Danny Blu first made his mark on the music world with his band Echo Black, blending hard rock, electronic, and pop music and a gorgeously gothic presentation. Before long, the charismatic stigma-breaker Blu would break out on his own, releasing solo material over the last couple of years. His own work would be more electronic- and industrial-based, with notes of hard rock and synthpop added in for good measure. Now, Blu has put forth his first solo EP, The Pale Horse, collecting some of his previously released singles with some new material for seven tracks of sleek dark pop. Running the gamut of subject matter from love to mental health to LGBTQ+ identities, The Pale Horse is a tour de force.
The introductory track “Amdusias” starts off with a sample of Bible quotes, as a dreamy synth plays under it. As the monologue ends, the bass gets cranked up some, with the once-cloudlike instrumentation turning harsher and heavier. Danny’s vocals are a treat to listen to once they start off in “White (K)night,” as the verses are lighter, delay-ridden fare compared to the bass-heavy post-drops. The intro to “Paradise City” features a brief saxophone flourish before Blu’s vocals come in, as the swaying nature of this track takes over. The synths dance over the guitar and bass lines in the chorus, and the drumming gives a rock backbone to most of this track, contrasting it from what we’ve heard thus far.
“Bubble” comes next, with an industrial base with rock ornamentation. The chorus of “good boys don’t go to heaven, good girls don’t go to heaven” is a bucket of cold water to the face that brings this track, and the listener, alive. Another lyrical highlight is “you seek perfection with no direction,” and it’s a perfect line to go with this song about shaking things up, escaping that metaphorical bubble to seek truth and happiness. “Love Me Bad” is, if the title didn’t give it away, the sex song of the record, feeling electric and energetic while feeling just sleazy enough. It’s not a love song, it’s not just a sweet treat, it’s saccharine and smooth.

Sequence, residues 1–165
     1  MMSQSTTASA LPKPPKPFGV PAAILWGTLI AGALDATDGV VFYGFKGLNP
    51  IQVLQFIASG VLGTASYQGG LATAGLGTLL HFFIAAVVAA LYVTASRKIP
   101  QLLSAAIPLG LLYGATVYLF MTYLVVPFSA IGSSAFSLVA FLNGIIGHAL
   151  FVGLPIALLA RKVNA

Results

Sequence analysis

After the body electric is celebrated, “Burn” brings the tempo down a hair for a more emotional, deeper within track. Playing with the quiet verse, loud chorus dynamic, the song employs a slow groove to drive home the point and the melody. The descending synth that punctuates the chorus is a flourish that helps to punch up the already fiery refrain. Finally, we come to what might be my favorite track of the EP, “Sanctuary.” It’s straight-up synthpop with some fabulous metering on the vocals. The chorus uses some heavy guitars to add to the overall product, some bite and spice to this synthpop stew we have simmering here.
Danny Blu has given us an EP worthy of playing over and over again. His work is dark enough to appeal to alternative music fans, while being accessible enough to be enjoyed by the general public. That’s not selling out, it’s frankly genius, and The Pale Horse rides off into the sunset triumphantly. And with recent remixes by artists like KANGA and Moris Blak, it’s clear that Blu is going to be riding out this industrial kick he’s been on for a while, and I for one am excited to see where it takes him.
The Pale Horse will be available for streaming and purchase tomorrow, September 1st. For more information, visit www.dannyblu.com.